Polyhydroxyalkanoates (PHAs) are polyoxoesters produced by a wide range of bacteria under nutrient-limited growth conditions except for carbon. Due to their excellent biocompatibility, biodegradability, and versatility, PHAs have been developed for various biomedical applications in medical devices, drug delivery, and tissue engineering. The FDA approved the first medical use of PHAs in 2009 as an absorbable suture under the trade name TephaFLEX. However, the high cost of PHA production has been an impediment to their further development and downstream commercialization. Our goal is to identify and understand the complete PHA biosynthetic machinery so that PHAs with defined properties can be produced economically. To facilitate this, the present proposal will focus on the PHA synthase (PhaC) and phasin protein (PhaP), which are key to both PHA production and the properties of the material produced.
The specific aims are: (1) to characterize the mechanism of PhaC in PHA production and control of molecular weight (MW). We will investigate chain elongation of class I synthases that are much more challenging than the class III enzymes using multiple approaches involving enzymology, molecular biology, and synthetic chemistry. Efforts will also be made to look for the additional factors that are proposed to participate in the control of PHA MWs using genetically modified organisms. Protein-protein interactions will be identified through pull-down assays for strong interactions and by incorporating photoactive unnatural amino acids for weak interactions. The MW control by PhaC itself will also be studied in vitro through a synthetic analog or in vivo through identifying the residues involved in the chain termination/re-initiation processes; (2) to obtain structural information on PHA synthases through X-ray crystallography. In collaboration with Dr. Geisbrecht who is an accomplished crystallographer on the same campus, synthases from different bacterial sources will be purified and screened for crystallization in the absence and presence of ligands. Our preliminary results of co-crystallization with a nonhydrolyzable CoA analog have provided a clear path toward an initial PhaC structure. The availability of this X-ray structure will provide us with valuable insight on substrate recognition and enzyme mechanism as well as enabling our long- term goal of protein engineering; (3) to characterize roles of PhaP in PHA production and granule formation. The relationship of PhaC and PhaP will be characterized in vitro and in vivo using various binding assays and with Escherichia coli supplemented with a PHA biosynthetic pathway. Granule formation will be monitored in vivo for the first time through a combination of fluorescence microscopy and click-chemistry. Elucidating the roles and relationships of PhaC, PhaP, additional factors and granule (PHA) formation at the molecular level is of great importance to complete our understanding of PHA production. Ultimately, this will allow PHAs with defined properties to be economically produced for medical applications. Our results will also shed light on the widespread reactions of template-independent polymerizations where the mechanism remains enigmatic.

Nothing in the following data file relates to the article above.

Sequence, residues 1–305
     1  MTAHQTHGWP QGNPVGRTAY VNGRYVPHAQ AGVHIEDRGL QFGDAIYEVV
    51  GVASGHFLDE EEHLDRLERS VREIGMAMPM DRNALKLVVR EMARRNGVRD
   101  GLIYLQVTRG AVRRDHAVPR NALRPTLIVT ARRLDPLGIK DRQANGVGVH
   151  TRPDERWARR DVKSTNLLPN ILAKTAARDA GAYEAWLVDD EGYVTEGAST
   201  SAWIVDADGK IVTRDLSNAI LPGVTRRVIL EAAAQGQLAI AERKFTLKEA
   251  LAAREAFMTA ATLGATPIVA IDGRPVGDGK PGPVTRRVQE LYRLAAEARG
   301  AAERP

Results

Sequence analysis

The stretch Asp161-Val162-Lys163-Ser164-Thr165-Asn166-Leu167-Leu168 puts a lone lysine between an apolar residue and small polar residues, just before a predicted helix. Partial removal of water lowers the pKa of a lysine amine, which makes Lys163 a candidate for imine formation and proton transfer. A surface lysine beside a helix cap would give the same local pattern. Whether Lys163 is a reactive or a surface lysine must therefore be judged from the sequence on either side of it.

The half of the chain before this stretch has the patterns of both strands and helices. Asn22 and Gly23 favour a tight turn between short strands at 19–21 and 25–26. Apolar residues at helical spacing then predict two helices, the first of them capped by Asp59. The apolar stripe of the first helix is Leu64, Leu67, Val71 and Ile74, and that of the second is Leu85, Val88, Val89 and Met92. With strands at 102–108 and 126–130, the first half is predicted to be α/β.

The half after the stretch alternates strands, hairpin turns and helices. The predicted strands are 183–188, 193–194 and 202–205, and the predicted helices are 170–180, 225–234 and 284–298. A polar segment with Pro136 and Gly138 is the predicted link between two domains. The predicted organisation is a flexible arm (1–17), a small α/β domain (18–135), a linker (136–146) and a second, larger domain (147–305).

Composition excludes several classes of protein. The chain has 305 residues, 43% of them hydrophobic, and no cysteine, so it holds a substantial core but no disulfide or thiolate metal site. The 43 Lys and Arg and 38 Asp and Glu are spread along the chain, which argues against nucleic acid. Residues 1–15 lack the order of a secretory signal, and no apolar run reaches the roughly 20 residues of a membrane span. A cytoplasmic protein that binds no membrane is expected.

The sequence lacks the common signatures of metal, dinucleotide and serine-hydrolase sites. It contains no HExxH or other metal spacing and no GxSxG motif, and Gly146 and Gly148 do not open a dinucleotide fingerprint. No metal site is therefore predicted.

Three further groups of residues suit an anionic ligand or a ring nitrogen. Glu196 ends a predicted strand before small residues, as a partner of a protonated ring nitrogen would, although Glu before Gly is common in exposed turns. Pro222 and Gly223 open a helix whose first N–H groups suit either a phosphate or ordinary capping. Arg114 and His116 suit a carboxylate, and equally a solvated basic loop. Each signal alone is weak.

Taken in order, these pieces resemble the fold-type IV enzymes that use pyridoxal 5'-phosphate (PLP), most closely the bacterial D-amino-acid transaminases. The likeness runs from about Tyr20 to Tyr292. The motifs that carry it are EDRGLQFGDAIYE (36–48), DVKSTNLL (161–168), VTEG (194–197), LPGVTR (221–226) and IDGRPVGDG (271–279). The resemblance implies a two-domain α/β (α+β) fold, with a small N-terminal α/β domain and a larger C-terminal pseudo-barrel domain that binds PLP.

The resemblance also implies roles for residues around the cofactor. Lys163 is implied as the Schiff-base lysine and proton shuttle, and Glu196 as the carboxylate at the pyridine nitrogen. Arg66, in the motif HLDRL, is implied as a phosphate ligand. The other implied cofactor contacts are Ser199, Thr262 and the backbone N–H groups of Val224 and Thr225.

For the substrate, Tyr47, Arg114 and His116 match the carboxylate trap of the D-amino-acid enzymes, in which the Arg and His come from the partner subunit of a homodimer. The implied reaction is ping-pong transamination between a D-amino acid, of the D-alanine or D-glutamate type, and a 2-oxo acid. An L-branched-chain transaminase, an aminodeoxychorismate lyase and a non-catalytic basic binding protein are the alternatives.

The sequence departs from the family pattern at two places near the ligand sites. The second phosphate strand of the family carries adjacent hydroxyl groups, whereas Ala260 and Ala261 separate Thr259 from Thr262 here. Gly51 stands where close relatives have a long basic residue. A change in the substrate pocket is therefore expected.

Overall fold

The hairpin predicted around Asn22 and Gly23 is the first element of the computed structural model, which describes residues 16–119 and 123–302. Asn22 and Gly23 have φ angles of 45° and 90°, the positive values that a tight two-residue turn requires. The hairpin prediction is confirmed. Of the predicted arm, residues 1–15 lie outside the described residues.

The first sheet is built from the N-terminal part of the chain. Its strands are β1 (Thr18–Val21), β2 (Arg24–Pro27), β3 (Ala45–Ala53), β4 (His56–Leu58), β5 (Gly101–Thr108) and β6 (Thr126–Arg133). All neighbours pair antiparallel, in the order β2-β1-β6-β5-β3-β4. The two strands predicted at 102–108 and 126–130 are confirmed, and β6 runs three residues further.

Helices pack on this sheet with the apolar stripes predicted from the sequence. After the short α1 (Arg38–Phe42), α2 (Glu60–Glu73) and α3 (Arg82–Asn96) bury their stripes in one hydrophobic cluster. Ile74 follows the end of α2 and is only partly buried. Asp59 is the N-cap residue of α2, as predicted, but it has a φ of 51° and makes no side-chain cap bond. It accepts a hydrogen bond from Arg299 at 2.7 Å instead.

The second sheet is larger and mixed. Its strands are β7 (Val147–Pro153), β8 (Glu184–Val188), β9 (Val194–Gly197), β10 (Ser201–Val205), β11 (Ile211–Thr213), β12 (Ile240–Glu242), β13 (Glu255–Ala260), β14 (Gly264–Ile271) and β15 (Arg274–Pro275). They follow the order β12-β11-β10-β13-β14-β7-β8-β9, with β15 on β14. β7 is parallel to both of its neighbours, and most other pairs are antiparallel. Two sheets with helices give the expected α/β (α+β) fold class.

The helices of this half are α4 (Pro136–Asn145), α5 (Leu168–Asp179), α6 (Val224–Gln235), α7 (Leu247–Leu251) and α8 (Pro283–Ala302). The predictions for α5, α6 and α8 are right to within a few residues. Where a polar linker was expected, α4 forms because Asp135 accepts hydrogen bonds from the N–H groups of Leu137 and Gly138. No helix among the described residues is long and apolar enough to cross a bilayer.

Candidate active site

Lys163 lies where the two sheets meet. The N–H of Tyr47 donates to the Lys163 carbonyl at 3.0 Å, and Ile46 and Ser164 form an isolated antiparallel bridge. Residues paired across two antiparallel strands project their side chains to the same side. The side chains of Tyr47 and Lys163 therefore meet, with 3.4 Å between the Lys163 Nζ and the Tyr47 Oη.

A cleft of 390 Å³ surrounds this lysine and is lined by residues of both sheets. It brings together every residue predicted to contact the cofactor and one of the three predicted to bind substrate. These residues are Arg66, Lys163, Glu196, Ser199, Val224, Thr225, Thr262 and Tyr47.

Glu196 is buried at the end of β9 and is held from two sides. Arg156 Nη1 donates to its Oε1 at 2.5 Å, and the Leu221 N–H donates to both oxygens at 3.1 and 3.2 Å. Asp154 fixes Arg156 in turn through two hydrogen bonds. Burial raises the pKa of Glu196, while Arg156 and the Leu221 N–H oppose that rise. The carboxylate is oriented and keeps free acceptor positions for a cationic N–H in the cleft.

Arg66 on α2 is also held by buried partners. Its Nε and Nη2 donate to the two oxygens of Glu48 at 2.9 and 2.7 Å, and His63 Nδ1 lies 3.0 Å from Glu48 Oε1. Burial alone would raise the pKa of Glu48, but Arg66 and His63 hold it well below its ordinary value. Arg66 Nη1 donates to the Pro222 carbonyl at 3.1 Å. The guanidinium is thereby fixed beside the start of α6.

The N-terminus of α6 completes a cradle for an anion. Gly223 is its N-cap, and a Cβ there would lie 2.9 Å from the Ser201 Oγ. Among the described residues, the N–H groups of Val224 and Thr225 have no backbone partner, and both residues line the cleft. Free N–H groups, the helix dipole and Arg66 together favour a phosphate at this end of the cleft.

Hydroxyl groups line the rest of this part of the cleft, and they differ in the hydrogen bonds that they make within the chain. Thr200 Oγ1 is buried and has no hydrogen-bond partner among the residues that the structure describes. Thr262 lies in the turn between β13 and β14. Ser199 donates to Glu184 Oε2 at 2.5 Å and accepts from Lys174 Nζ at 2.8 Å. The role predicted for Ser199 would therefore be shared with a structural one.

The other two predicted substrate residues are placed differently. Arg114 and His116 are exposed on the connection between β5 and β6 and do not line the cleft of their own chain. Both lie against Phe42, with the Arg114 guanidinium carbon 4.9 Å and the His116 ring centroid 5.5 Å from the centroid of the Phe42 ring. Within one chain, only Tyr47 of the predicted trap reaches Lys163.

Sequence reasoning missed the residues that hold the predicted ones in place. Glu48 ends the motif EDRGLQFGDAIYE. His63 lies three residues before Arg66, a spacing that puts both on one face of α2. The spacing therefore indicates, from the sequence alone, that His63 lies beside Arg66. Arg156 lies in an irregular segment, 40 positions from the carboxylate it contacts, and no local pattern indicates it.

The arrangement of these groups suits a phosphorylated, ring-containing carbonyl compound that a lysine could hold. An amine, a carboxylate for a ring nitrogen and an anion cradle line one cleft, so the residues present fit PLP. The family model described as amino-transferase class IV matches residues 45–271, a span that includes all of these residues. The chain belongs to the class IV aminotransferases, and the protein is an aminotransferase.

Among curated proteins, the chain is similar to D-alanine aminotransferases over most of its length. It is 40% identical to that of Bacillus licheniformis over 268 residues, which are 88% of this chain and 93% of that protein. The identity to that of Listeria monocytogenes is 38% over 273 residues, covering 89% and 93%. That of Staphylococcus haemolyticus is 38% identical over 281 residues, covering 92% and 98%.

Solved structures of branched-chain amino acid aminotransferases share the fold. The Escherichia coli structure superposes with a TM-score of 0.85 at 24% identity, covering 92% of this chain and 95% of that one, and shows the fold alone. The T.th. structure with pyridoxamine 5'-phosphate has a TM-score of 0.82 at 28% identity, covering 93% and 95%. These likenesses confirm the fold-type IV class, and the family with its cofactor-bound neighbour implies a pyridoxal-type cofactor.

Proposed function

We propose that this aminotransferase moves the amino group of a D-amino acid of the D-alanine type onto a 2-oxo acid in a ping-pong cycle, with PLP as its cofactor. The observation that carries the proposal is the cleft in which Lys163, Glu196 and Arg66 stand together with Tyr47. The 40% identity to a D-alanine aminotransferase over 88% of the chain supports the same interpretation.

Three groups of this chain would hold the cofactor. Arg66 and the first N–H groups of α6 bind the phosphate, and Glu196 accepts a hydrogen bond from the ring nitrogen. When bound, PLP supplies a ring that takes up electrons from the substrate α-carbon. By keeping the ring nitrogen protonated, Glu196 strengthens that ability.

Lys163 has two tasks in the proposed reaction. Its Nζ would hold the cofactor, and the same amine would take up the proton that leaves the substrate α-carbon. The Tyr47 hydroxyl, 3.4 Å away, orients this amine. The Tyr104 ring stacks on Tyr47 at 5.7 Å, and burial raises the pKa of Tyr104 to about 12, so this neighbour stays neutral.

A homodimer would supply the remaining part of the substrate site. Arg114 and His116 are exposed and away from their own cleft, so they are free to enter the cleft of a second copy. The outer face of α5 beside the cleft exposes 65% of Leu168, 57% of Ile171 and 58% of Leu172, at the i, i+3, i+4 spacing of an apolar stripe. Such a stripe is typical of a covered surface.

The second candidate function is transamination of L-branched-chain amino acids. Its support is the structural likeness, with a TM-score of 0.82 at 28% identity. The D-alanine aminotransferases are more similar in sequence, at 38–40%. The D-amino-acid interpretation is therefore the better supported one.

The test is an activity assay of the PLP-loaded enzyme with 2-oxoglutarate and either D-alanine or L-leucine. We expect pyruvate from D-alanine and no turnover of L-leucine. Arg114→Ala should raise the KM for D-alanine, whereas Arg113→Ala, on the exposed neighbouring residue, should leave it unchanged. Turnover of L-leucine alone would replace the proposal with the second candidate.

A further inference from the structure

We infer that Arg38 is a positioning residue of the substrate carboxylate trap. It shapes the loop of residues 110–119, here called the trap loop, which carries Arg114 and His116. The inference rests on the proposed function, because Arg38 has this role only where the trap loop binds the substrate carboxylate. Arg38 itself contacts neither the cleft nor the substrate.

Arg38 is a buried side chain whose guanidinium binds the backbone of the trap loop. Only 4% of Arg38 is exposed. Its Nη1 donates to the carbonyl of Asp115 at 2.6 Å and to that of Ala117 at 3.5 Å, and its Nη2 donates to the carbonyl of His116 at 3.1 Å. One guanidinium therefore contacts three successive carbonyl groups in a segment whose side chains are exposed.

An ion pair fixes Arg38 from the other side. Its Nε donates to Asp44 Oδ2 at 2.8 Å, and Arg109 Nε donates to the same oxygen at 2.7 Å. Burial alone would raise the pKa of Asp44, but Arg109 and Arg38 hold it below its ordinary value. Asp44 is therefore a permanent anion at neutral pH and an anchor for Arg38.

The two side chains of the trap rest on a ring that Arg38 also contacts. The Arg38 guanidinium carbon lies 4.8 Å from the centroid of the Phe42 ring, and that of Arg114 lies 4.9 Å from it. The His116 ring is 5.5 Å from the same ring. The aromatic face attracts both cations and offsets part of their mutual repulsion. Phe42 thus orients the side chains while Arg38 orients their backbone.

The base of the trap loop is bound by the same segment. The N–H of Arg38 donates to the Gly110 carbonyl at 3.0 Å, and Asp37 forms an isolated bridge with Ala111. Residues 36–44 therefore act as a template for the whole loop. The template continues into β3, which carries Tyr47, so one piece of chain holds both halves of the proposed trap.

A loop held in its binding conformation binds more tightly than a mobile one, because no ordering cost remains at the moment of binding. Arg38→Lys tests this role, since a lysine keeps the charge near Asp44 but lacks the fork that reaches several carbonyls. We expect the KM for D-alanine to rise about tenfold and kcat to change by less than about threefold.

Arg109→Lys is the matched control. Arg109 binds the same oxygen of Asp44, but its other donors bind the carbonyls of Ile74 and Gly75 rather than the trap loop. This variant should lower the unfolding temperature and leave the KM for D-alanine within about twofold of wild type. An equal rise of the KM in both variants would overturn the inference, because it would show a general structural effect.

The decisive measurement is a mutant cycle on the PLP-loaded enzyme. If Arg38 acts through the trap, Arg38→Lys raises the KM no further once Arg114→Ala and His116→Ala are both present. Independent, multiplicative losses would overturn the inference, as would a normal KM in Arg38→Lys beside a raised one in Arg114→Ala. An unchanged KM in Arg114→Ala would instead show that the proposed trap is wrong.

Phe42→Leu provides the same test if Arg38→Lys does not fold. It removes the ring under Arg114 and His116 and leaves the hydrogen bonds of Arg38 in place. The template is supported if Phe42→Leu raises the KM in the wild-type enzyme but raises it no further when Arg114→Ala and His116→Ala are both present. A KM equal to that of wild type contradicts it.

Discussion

Public Health Relevance

PHAs are polyoxoesters synthesized by a wide range of bacteria under nutrient-limited growth conditions except for carbon. Their excellent biocompatibility, biodegradability, and versatility make them suitable for various biomedical applications such as medical devices, drug delivery, and tissue engineering. This proposal aims to identify and understand the complete PHA biosynthetic machinery at the molecular level such that PHAs with defined properties can be produced economically in order to accelerate their commercialization and further development of applications for human health.

National Institute of Health (NIH)
National Institute of General Medical Sciences (NIGMS)
Research Project (R01)
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Macromolecular Structure and Function A Study Section (MSFA)
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Gerratana, Barbara
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Kansas State University
Schools of Arts and Sciences
United States
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